The Algona Upper Des Moines from Algona, Iowa on May 1, 1895 · Page 3
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The Algona Upper Des Moines from Algona, Iowa · Page 3

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Wednesday, May 1, 1895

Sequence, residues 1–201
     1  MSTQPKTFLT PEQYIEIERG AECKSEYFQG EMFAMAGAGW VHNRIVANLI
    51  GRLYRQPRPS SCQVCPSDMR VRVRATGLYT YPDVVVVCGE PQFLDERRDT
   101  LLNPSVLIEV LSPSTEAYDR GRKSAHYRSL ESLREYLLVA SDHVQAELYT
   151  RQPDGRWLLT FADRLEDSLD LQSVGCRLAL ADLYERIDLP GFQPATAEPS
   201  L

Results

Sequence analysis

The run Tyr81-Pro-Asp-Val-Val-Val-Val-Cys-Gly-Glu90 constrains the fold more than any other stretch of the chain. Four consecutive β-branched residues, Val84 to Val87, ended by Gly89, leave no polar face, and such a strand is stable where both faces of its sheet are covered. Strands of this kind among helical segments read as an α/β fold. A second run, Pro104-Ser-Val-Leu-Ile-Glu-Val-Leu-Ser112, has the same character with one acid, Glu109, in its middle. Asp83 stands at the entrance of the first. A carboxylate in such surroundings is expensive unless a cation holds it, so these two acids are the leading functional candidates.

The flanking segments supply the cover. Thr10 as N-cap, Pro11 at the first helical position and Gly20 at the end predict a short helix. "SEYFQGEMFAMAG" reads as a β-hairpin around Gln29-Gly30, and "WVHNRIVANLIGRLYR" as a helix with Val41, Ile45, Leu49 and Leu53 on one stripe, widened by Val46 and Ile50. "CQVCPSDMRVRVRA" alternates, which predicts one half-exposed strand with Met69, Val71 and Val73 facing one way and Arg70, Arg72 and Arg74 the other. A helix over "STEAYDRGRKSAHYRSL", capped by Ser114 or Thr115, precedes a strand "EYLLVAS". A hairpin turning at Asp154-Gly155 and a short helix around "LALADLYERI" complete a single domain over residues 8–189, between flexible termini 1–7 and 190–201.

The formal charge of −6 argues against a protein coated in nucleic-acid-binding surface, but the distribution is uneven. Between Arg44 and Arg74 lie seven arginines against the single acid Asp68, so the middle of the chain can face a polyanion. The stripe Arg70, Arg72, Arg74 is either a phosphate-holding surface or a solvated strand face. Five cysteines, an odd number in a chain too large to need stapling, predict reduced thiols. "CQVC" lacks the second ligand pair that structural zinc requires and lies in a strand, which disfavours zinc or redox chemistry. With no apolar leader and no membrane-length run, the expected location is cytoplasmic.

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54^i*?vp^ .;•: ,- V'-?- < - . -^v - ' MOlNESi ALGONA* IOWA, WEDNESDAY, MAY i, 18DS, t iM, fed , 1 tfittft With the Soldift? boys; the strSat \fe com* .joiitlertfal Is ontn&lae! flrafere's Tom und Jim tod Phil -Atfd Kick atid Nut and Frad, WWIe Wldoflr Cutler's Bill „ Attd I march on ahead, With a r-f f it-tftt-tat Afid n tnm-tttty-um-tntn-tum— . Oh. there's tm<sbels of fun in that For boya with a little tod df urn! *The Injuns eamo last night . While the.soldlef8 ftere abed, And thftfr KObblei a Chlnesd kite ^And 6ft to the *6ods they fled: The Woisdsl are the cherf* trees? Do*n in the orchard lot. And the soldiers are marching to sclzo . The tooty the tnjunS tiot. tylth tum/tltty-Um-tuin-tum, Ami r-i-rat-tat-tat. . "When solaiofa marohtttj cdtria Indians had better scat! Slop up thero, little J And, tihaWo, have a iriind! Jim is as fur ahead At you two are behind! lit) idy tsrlth (tun and sword Your Valorous work to do— "Yonder the Injun horde t> eth In w.itt for yon. And their hearts KP plttypat When they hear the soldiers come "With u r r-rit'tftt-tat And a tnm-tUty-um-tum-tum! Course It's all In play! . 'ihe skullctnit Injun crew That hustled the kite awny Are Ittllo white boys, like you: But ' honest" or "just in fun." It Is all the B.ime to me: Arid, when the battle la won, Homo once avaln march wo "With u r-r-rat tut-tat And tum-tltty-um-tum-tum: And there's glory onoiuh In that i''or the boys with their little red drum! Meld. Cardinal .Richelieu, Founded on the Play of "lUcliollcu," by Lord I.ytton. CHAPTER II—CONTINUED. "Adrien,*' hissed the other in his ear, "to you alone I confide it; nominally our 'figurehead is tho dukc- i-oyal, but once at sea wo pitch overboard the gaudy doll which served to pass us by the forts and shovy our true colors—our real captain." "Ah! And ho?" "That is to bejdetorminod. Come. to our meeting." "As long as Prince Gaston bo not tho chief," began Mauprat, rising. "1 pledge you so much." "I'll go with you, and I will strike with you," "Bravely said," cried the'count. "Leave forever thoughts that—" "Speak not to me thus. I am yours! But speak not. There's a voice within my soul whose cry could drown the thunder. Oh, i( men will play dark sorcery with the heart of man, let them, who raise tho spell beware the fiend!" And he made way, striding through the plumes and'satin doublets with enough rudeness to have won him a hundred challenges were they all thirty years younger, before Richelieu had prohibited dueling undei- pain of death. Since some time there had been gradually formed in a secluded chamber, guarded, though not ostensibly, as crystal collects around a nucleus, a conclave ol principal guests of Marion Delorme, those who had played and drank merely as a blind to their true errand. No lady was there; the hostess was excluded as much from prejudice against a woman as tho keeper of a state se' cret'as any particular reason. The knight of Mauprat held himself back from the inner circle, from his double feeling of disgust for the prince of Orleans, shining there in the most sumptuous apparel, like a beautiful snake, and his indifference to'details as long as his dispenser of life and death, the cardinal, was'the target of the enterprise. He stood erect, with firm mouth and kindling eye, like a soldier whom a nightmare hold in trembling, but who had shaken off his tremor and was eager for the morning's fray. Ho put his name to tho scroll of alleeriance with the clearest handwriting he had over traced; but though his sight was equally as clear, he forebore the precaution of reading the Hues to which he gave adheranco. He was the last save a few others, more hesitating than he. The business of the night was over, and the party broke up—some to pass the remaining hours in the rooms whei-e the neat was suffocating, others to* hasten home with growing apprehensions, the rest to saunter the streets and pick a quarrel with the watch, in order to lessen tho strain on their brains by a little Mood-lotting without payment of the . Burgeon's fee. ' Adrien de Mauprat, alone, sallied out, grimly joyous, for at length he was no longer a solitary combatant against the terrible old man who dwelt in the palace he had to pass on his way to his lodgings, Jn spite of the hour, there was movement at those gates, Several guardsmen appeared, armed to the teeth. A sound of steps behind him caused him to glance over his shoulder; instead of a group of revelers from Marion Delorme's, six guardsmen, in the same uniform as those in front, were treading in his Steps. And from the other side of the way, ft deep shadow veiling some ' preparatory materials for building <jn waste ground, a colossal figure strode straight toward him where he bad halted with his back to tho palace for defense if he were the ob ject of this triangular advance. Th.e throe forces olpsod in upon himi ftll the awords drawn, and all the cjoaks thrown back to leave right arms free. • "The ku.ig'ht Adrien of petbiuks?" said the giant guavds- jpan,, extending a square pf jnent in, his loft hand. <1 A' warrant for ypur arrest, signed by hi§ for the king. \Yilt oome 'under i lamp in our gateway tq read it? 1 continued sarcastically at tho hu- of ventvu'ing so far intp the trap " a retu.rn sword.," §a|4 th§ s«|" satisfaction that fats eminence does to6 the honor to reckon me worthy of ftrresfc by a dozen ot his flowers of dftv'ftlry, headed by the tall tfuguet «-fc 'tripe man himself." And marching as steadily as the Oldest vetefan in the ranks closing around him* and the captain holding the two swords, he whd had a few minutes since dreamt of a conflict with the cardinal was conducted wi.thin that dignitary's residence. CHAPTER m The Child of the Childless. The kittens in the cardinal's study had awakened at the cough which spaced Out his sentences like the crosses between the words in ancient manuscripts. They stretched their limbs, licked with their titty pink tongues their pretty lips, and opened their eyes where meekness and do* ctllty were blended. He let the more forward play With a dangling hand— poor hand Of the great man who burned his blood in vigils over an endangered kingdom, from which their deepest scratch could have Irawn not a drop—and mumbled the ring of power akin to that of Solomon, whilst smiling to them, but 'rowning inwardly, ho proceeded in soliloquy inaudible beyond his reach, so weak was his voice after the late animated'colloquy.' "The flames are mounting 1 ." said 10. "The salamander of. Francis the . r irst might be at home here, but my scanty locks crisp up in premonition of being singed. But salvus in igne— Llichelieu mav succumb yet -renown will never die,' as saith tho ancient mllad. A silly audience, so unap- ireciativo, it lots tho groundlings lurl stones at their principal historian of this dusty theater of. tho world." He read, corrective pen in hand, ihe manuscript volume on. one side >f his place; but all at once ho started violently. "I had forgotten the cream tempt- ng tho cats! Julie! all virtuous creature; but blanche couleur est tot taohoe—tho ermine is soonest smirched. I thought my name would guard her even among tho oft-beset maids-of-honor. But no!" L-Iis eye dwelt upon tho papers left jy his "shadow," tho leaden sphinx, f he were tho brazen one. "Not content with seeking my life, they would play my ward on the hook of iheir state angle. Hor father, VIortemar, was niy friend when I wore a sword and before I had Hat- erors; and when ho died, young in years, not in service to our coun- ;ry, he had nothing to bequeath but that girl to ran. But I will find her a dowry to mate with tho mightiest! "Meseems, though, she is drooping at the court. Can she love— love one of those painted flies? There is Cinq-Mars, thoush he is enamored of politics; Sourdiac; St. Simon, fro- ward boy; Baradas—no, he is a guileless youth, deceitful, and deceit lias short legs, and can never climb to the level where her fancy Boats in the empyrean. Such my daughter dear instinctively fears and shuns him. 1 have heard her cite him as even more tiresome than his melancholy majesty, Louis, styled the 1 Just. Tho Just, because," lie commented smilingly, as one who knew the secret history not only of his own time, but of that where Sally, pro- coded him, "he allowed his father, the Concini, to bo slain without judgment. I do not forget myself so far as to allow me to become the center of a ring of swordsmen! Neither this kinglet nor tho courtier, and yet some one. Her Hut- toriugs to escape at-confession point- to the fact. Pray heaven she loves some man, and not a barbnr's block, like Lady Montague; a headsman's block like Lady Maugiron, and d money-chest like Marion gloats 'upon my sweet, my witty Marion, most valuable of my spies in petticoats. I need some active youth to isupplant tho favorite, balk the king, and baffle all their schemes—one who with honor and courage, qualities that eagle-plume men's souls, and fit them for the fiercest sun that over melted tho weak, waxen minds that flutter in the beams of gaudy power! That sounds well!—prose that, with a little trimming, will befit my tragedy," He paused to write on a scrap of paper, and placed it with similar notes in the portfolio, inclosing the large manuscript. HThat Mauprat has taste, by the way, ra're in a sol- diar, I remember when my first play was acted to dull tiers of lifeless gapers, who had no soul for poetry, I saw him warmly applaud, and in the proper places! A man of such uncommon promise ought not to be my foe. Have I not. foes enough: 1 Perchance J can weld him into a friend, for great men gain doubly when they raako foes friends. My grand maxims are first to employ all methods to conciliate, and, failing those, all means to crush," he added, fiercely, "Hark! there,is a noise in the court. 'Tis liuguet with his capture. Farewell, good sword! States can be saved without you. Open and enter!" But instead of tho surly mien of his man-at arms, there entered by tho us>ual door a young lady in court attire. "Julio," said the cardinal, with a delightful smile, which no one would havo expected to surprise upon the features of the artful and malicious governor of the distracted kingdom. "My sweet Julio!" "Cardinal," she said, throwing herself at his violet slippers, and let* ting her many owls ripple around her lovoly face. "A're you gracious early morning? May 1 say, "So, ndt an orphan while Richo- lieti lives." His aged eyes bent on hers one of those leoks of intense fondness which the lonely lord had bestowed on no human being- since he had married his niece, Mario, to the marquis of Combalet. Suddenly, to break the spell which the youthful vision of beauty had flung over him, with" her satin whiteness of complexion-, vivid eyes, and elegance of deportment, which he? slmplehess of rich attire rather ett- hariced than diminished, a heavy knock was heard at the secret door. Without waiting for a sitmmons ( in his pleasure at easy accomplishment of his mission, Captain Ituguet took a step into the apartment, but per- 1 ceiving the white figure on the carpet, relieved by the green cover of the long writing-table, ho recoiled to the arras and saluted respectfully. "WellP" demanded the prime minister sharply, forgetting the er* rand on which he had dispatched his lifo-guardsraan. "The knight of Mauprat waits below," said tho soldier. "Mauprat!" cried tho girl, starting to her feet with emotion not explicable on the face of the bald announcement. "Hem!" coughed her guardian, making a sign for tho captain to withdraw, "Has this chevalier been tiresome to you, or is he, peradventure, that one of the flowers of France in whose more honied breath thy heart hears summer whisper?" Without other direct answer than he desired by the color on her cheeks, she stammered; "What doth he here? I mean—[ —does your eminence—that is— know you tho knight of Mauprat?" "Well! but you—has ho addressed you often?" "Often! No," she replied timidly, "nino or ten times, tho last on tho great staircase. The court sees him rarely." "A bold and forward roysteror!" cried Richelieu, his eyes on her steadily. "He?—nay, modest, gentle and sad, methiuks." "Yet wears bright gold and hopeful azure?" "No; sable!" "So you note his colors. Julio? Ha, ha! Shame on you, child, look loftier! Well, suffice it, I have business with this gloomy gentleman." "You're angry with poor • Julie. There's no cause." ' "No cause? Do you hate my foes? then hate Mauprat!" "Not Mauprat. No, not Adrien, father!" "Adrien!" rolling it over his tongue in jocund imitation of her affectionate accent. "You are familiar. " "An old, old playmate." "So was Baradas, and 1 do not wish you to rank him among youth-lends." "Then do not rank Mauprat among your foes; ho is not, I know he is not, ho loves me too well to be opposed to my country." "Not ranlc Mauprat with my foes? So be it. I'll blot him from the list." "That's my own dear father," she exclaimed, kissing his hand fervidly, and quitting tho room with a happy and. confident smile. The cardinal rang his bell. "Let enter the knight of Mau- prat," commanded ho, resuming his seat and tho bearing of Rhadaman- thus. CHAPTKR'IV. The Gift of a Life. Within a couple of instants, on- framed in the doorway and foiled by the hangings, there stood, then, in the presence of the ruler of Franco what he acknowledged to bo as gallant a cavalier as served under her colors. Perhaps his costume had been dulled by the garish decorations of the fops at tho Delorine mansion, but here, in the grave and sober study, tho simplicity of the fine garb was agreeable, and redounded to the taste .of the wearer, [TO I5E CONTINUED. ] I.alcl HI* Wires Well. The foresight Lord Rosebery displayed in arranging his matrimonial plans is illustrated in tho following anecdote: Shortly after he had returned from,his continental tour, he was one of a house-party at Mentmore, a lordly pleasure house which Baron Meyer Rothschild had built for himself in Buckinghamshire. One evening, at dinner, the conversation turned on the exquisite decorations of the room. Lord Kosebery's observation to his next neighbor, by way of epilogue to the conversation, was: "Yes, this place would suit mo excellently." When, seven years later, he had married the daughter ot the house, and was the owner of Mentmore, his friend, happening to meet him, reminded him of this observation. Lord Rosebery replied, with assumed gravity, but with a tell-tale twinkle in his eye: "Well, of course you know the unexpected always happens."—Argonaut. SHfiRf STORIES FOR THE OLD SCt.folfcR'S PERUSAL. I.ogle. Heloise, 8 years old—What does transatlantic mean, mother? Mother —Oh, across the Atlantic, of course. But ypu mustn't bother we. Heloise —Does trans, then, always mean cross? Mother—I suppose it does. Now, if you don't stop bothering me with your questions I shall send you right to bed. Heloise is silent a few njinutes. Heloiso—-Then does transparent moan a gross pwrent.—Brook- lyn Life. She PWnH Mind Jtt iftiptresa4)a4 asked hop Raid and Mow It Startled -^-Ah American Whone tot- fttnpl* Might Bo followed tvlth ftoM —Mncoln'i WAS HAnD AT work In my study . When 1 heard a gentle tap; "Come in!" and In came my Josle, Tearful from some mishap, And I knew that she was long- Ing To be cuddled in my lap. "I bruised my finder orful, -«, And papa, It dbes ache so!" "Well, well, run away to mamma, For I can't help It, Jo." She raised her tear-wet lashes— "Papa, you might have said 'Oh!' " The study door closed softly And I was left alone, With nothing to hinder my writing But the thought of a tender tone, So loving and so reproachful 'Twould have touched a heart of stone. Have a tender word, my brothers, For the little troubles and pains; It was not beneath our Master, It Is far above our gains; It will hasten the heavenly kingdom Where only love remains. Gen. Enrl.T's Haiti. In a general way we understood that the city was cut off at the north and east, and that the famine of market stuff, New York newspapers and other necessaries of life, was due to the cutting of railway lines leading northward. For two or three days we had no mall, no telegraphic messages and no railway traffic. Our only communication with the outer world was by steamer from Georgetown, D. C., to New York. Washington was' In a ferment; men were marching to and fro; able-bodied citizens were swept up and put Into the district mlltla, and squads of department clerks were sent to drilling In the parks. It was an odd sight to see, men who had been thus pressed into the public service, dressed In linen coats or In partial uniform, being put through the manual of arms by an Impromptu captain, who In turn was prompted by his orderly sergeant (a messenger employed In the war department). These sons of Mars were all under command of Brlga.dler-General Bacon, a worthy grocer of Washington, who was the militia commander of the District of Columbia. The city was also garrisoned by one hundred men, Veteran Reserves, as they were called (or Invalid Corps), with a few dismounted cavalry. These weak and .unorganized forces were thrown into the fortifications, and Washington stood agape while we listened to the sound of the rebel cannon less than ten miles away. Gen. Halleck was then living on Georgetown Heights, where the blue-coated Invalids mounted guard over his residence, and the bugles nightly blew "peas on a trencher." Ill- natured people were ready to suggest that the rebels might be guilty of petty larceny should they rapidly march down Rock creek and seize upon Halleck, who for various reasons was bitterly unpopular in Washington. The President and his family were at their summer residence, the Soldiers' Home, on the outskirts of Washington, about half way between the outer line of fortifications at Fort Stevens and the city, but on Sunday night, the 10th, Secretary Stanton, finding that the enemy was within striking distance of that point, sent out a carriage with positive orders that the President should return to the White House. Lincoln, very much Irritated, and against his will, came back to town. He was subsequently greatly discomposed and annoyed when he found that the assistant secretary of the navy, Capt, G. V. Fox, had kept under orders a small navy vessel In the Potomac for the President's escape In case the rebel column should succeed In piercing the line of fortifications. The wildest estimates of the force of the invaders were made, and flying rumors were to the effect that Early, Ewell, Imboden and Breck- im-idge were In command of some forty thousand men. As a matter of fact, there were, according to the records, not many more than twelve thousand men. There was a vast amount of hurrying to and fro between the war department, the White House and the exterior lines of defense, and the tele- .graph wire was constantly worked to its fullest capacity. There were not a fevyr domestic rebels In Washington who looked on this commotion with undisguised glee. It was probably believed in the north at that time that President Lincoln was greatly disturbed by the Imminence of the danger of the capture of Washington, but I learned from his own lips that his chief anxiety was that the }n- vadlng forces might not be permitted to ge*- a way. Speaking of their escape afterward, he said that Gen, Halleck's manifest desire to avoid talcing any responsibility without the Immediate sanction of Gerj, Grant was the main reason why the rebels, having threatened Washington, and sacked the peaceful farms and villages of Maryland, got off scathless. If Lincoln was the meddlesome marplot In military affairs which some have represented him to be, he would have peremptorily ordered a sortie of the Union forces, then numerously massed inside the defenses of Washington, but although he was "agonized" (as he said) over the evident failure of all attempts at pursuit, he kept his hands off. "Now and ever. fttpWL " rJlMfltii mountains of the conquered country. Next came the victims Intended for sacrifice; as a rule, these vlctlmsi were white oxen with gilded horns. Thoy were followed by tho prisoners that had been kept to grace the triumph, and after the prisoners came the chariot in which was seated the triumphator, or victorious general. The chariot was covered with laurel, and the triumphator was attired In a robe of purple and gold; In his right hand he held a laurel-branch, and In his left an Ivory sceptre. A slave held the golden crown of Jupiter above his head, and kept saying to him: "In the midst of all thy glory, vlctorU ous one, remember that thou art but a mortal man." Last came the soldiers singing songs and shouting "lo tflumphe." This procession started from the Cam* pua Martlus, outside the city walls, and passed through the city to the capltol. Triumph-days were gala-days In Rorae; th» streets were gay with garlands and gorgeous colors, the temples were all thrown open. When the procession reached the temple of Jupiter on the capitol, the trium- phator placed the laurel-branch on the lap of the figure and thank-offerings Were made. A feast, prepared for the magistrates and the senate, and sometimes for the soldiers and 'the people, concluded the triumph festivities. The triumph must have been a much- coveted honor, for we are told that Lucullus, on his return from Asia, waited outside of Rome three years for his.— D. V. F. 4 IJoinnu Triumph. In ancient Rome a triumph was an honor awarded to generals for decisive battles over fpvelgn, enemies; it was neyev gran^d for victories achieve^ in c}yil war. The power of grafting a triumph rested with the Senate, ancj, it wga a pri^e flonaUlW tti a t teue general, QQ MAM FAME I Am an American. A dinner was arranged In a southern city In honor of a visitor from a northern state, and the host, when the cigars were lighted, began to rally his 'guest oy repeating some of the usual sectional Jokes. "We now have a northern Yankee at our mercy," he remarked, Jocosely, "and hope that he may not be Intimidated by the presence of so many southerners. We can assure him that revolvers and bowle knives have been left in the anteroom and that he is safe, at least until we get our hats and arms." Everybody laughed and expected that the visitor would respond to this ban- dlnage by making use of his privilege of ridiculing southern peculiarities. He surprised the company by speaking In another vein. "Our host," he began, "traveled with me In Europe and I observed that, wherever we went he registered himself as an American and never as a southerner. "I thought It was a good example to follow and Invariably put myself down, not as an northerner, but simply and proudly as an American, What seems •to me singular Is the fact that two men who were content to travel all over Europe as Americans, should fancy that they are anything else In their own country. I do not know why I should be anything at home that I am not when I have crossed the sea and gone among foreigners." By this time the company perceived that they were to have something better than old-time Yankee talk and sectional quips. They encouraged the visitor to continue by applauding him heartily, He ended by making a common sense appeal for a more' general use of the good old word "American." "Let us not be proud of our common country," he said, "when we are abroad among strangers and ashamed of It when we are at home. I am from the north and you are In the south, but there Is no source of patriotic pride open to you that Is not mine as well by Virtue of my birthright as an American. Nor can I glory In anything that Is not yours also. If there be anything to be ashamed of It is a reproach to us all." The company rose when the visitor sat down and Joined In singing " Hall Columbia" and "He's a Jolly Good Fellow." They voted It one of the best after-dinner speeches that they had ever heard and congratulated him heartily upon his success In substituting wholesome and stimulating patriotism In place of the light diet of acrid sectional Jokes,—Youth's Companion. NEW PRESIDENT OF REVOLO* T1ONARY DAUGHTERS. The Wlfo of ,tohrt tV. Foster Shfi Hit* Soen Mnch of tlin World and t,» Favorably Known at Courts of fett- ropc. Lincoln's Theology. Immediately after the earliest battles of the war, most of the sick and wounded were brought to ' the Philadelphia hospitals for treatment, and I was In dally receipt of letters from my denominational friends soliciting me to visit husbands and brothers who were among the slck^and wounded, As much of my time was thus occupied, and at cpnsiderable expense, it was suggested by the Hon. Henry D. Moore that application be made for the position of hospital chaplain, and it was on the recommendation of Mr. Moore and Governor Curtin that the president made the nomination. Soon as it was announced In the papers that my name had been sent to the senate for confirmation, a self-constituted committee of "Young Christians" (?) consulted with a few others, as bigoted as themselves, and volunteered their services to visit Washington and try to induce the president to withdraw the name. It so happened that when these gentlemen called upon the president Mr. Covode was present and made Known the Interview to a reporter, and it thus became public. "We have called, Mr, President, to confer with you in regard to the appointment of Mr. Shrlgley of Philadelphia as hospital chaplain," The president responded.; "Oh, yes, gentlevnen; I have sent his name to the senate, and he will no doubt be confirmed at an early day," One of the young men replied: "We have not come to ask for the appoint* ment, but to solicit you to withdraw the nomination." "Ah," said Lincoln, "that alters the case; but on what grounij do you wish the nomination withdrawn?" The answer was: "Mr. Shrigley Is not sound In his theological, opinions." The president inquired: "On what question is the gentleman unsound?" Response: "He does not oelieve in endless punishment; not only so, sir, but he believes that even the rebels them-* selve.? will finally be saved." "Jg tHt R°?" ln Wird * he president. The members pf the committee both , sir-" ,, if that be sp, ^m} HE NATIONAL Society of the Daughters of the American RevolU* tlon, In Its choice of a new president- general at the recent continental congress, has continued to allow the precedent estab-^ llshed In the case of its first leader, the late Mrs. Benjamin Harrison, and adhered to with Its second, Mrs. Adlal E., Stevenson, for In electing to chief of* flee Mrs. Mary Parke Foster, wife of John W. Foster, ex-secretary of state, and at present peace commissioner for China, the revolutionary society has chosen a woman allied to the nation's 1 official center. Nelthe" has it swerved from Its former requirements as regards the personnel of Its chief officer* Mrs. Foster combines the same womanly virtues and force of Intellect possessed by her predecessors, and, as In their case, the honor came to her unsought and uncoveted. She Is a charter member of the society and was an active member of its national board of, managers during the presidency .of her near and dear friend, Mrs. Caroline Scott Harrison. Because of her long and varied experience In fprelgn lands, where she accompanied her husband on his official missions, Mrs. Foster has added many accomplishments to her natural gifts and previous cultivation. In Mexico, Spain, Russia and other realms she mastered the language of the country, and went among the people to study their life and habits, and wrote many valuable papers on the results of her research. Everywhere she received, with her husband, marked attention from royalty and nobility alike. In Spain she entered the court circles ot the young Alphonse XII., while in St. Petersburg the czar and czarina treated her with especial favor. During her stay In that city occurred the czar'B assassination. She spent part of her time In translating Russian fiction Into, her own tongue. In her recent pleasure trip around the world, In company with, Mr. Foster, India was the spot which, most charmed her, filled as U Is.with ancient and historical mosques, tombs and temples. Mrs. Foster Is possessed-of a charm- MRS. M. P. FOSTER. Ing personality, and though domestlii in tastes, and not overmuch given to public life, yet she takes pleasure in entertaining her friends, and every December, with Mr. Foster, she gives a series of elaborate functions, for which their palatial residence on. I street. Washington, Is well fitted.' Surrounded by luxury, the gentle chatelaine Is yet as simple and kindly as 'her humblest worker, though she bears the stamp of birth and breeding. She Is an earnest laborer In the church, charitable to a degree, an advocate of the higher education of women, and friendly to all movements that may widen the latter's opportunities for usefulness, though she smilingly declares that she herself has always had al} tho rights she could wish for, With such beauty of character and powerful environment, the new president of the society Is sure to enlarge its scope and influence and under her Just and wise rule even a greater future opens before it. .Squill African KaUIr Choir, When in the course of their Singing the words become especially deep a,nd full of meaning, the bodies of the sing-, ers sway from side to side, and the hands beat the time. This swaying la especially noticeable In the "Song of the Bell"; the body seems to Imitate the motions of the tongue that strikes the bell, then falls back quivering, and plunges down on the other side. Another song Js In narrative, describing the progress of a family of natives from the forest on a Journey to the coast. The listener is suposed to be at a house O n the side of the rpad uppn, whjQh t&e procession is to pass. At first he hears them faintly, then louder anc| Jout).e~p, until the singing family reach h|s flqor? then he too, with, all the members, of b,&' household, joins thejn with Ms vojop and hands until the party passes a-^ay from sight and hearing. During the enr tire Journey this singing anijl of hands are kept up, AUhQUgji cannot understand the words of song, it ia so vividly pictures that catch its meaning without a, effort on your part. Italy Is ' JJarrt Up.'* ' The late Klngr "Cecco." o? Naples >va.8'r. entitled through his mother, the ~ ' ' ess Christine of Savoy, t°. |89«ftftO a, year,'- '$ but Count GavQwr confiscate! th.6, p^ropf'' v erty-rayowefliy as a "measure p f «"<*•' safety." but r_eally and' truly ynited Italy w»s so ^ '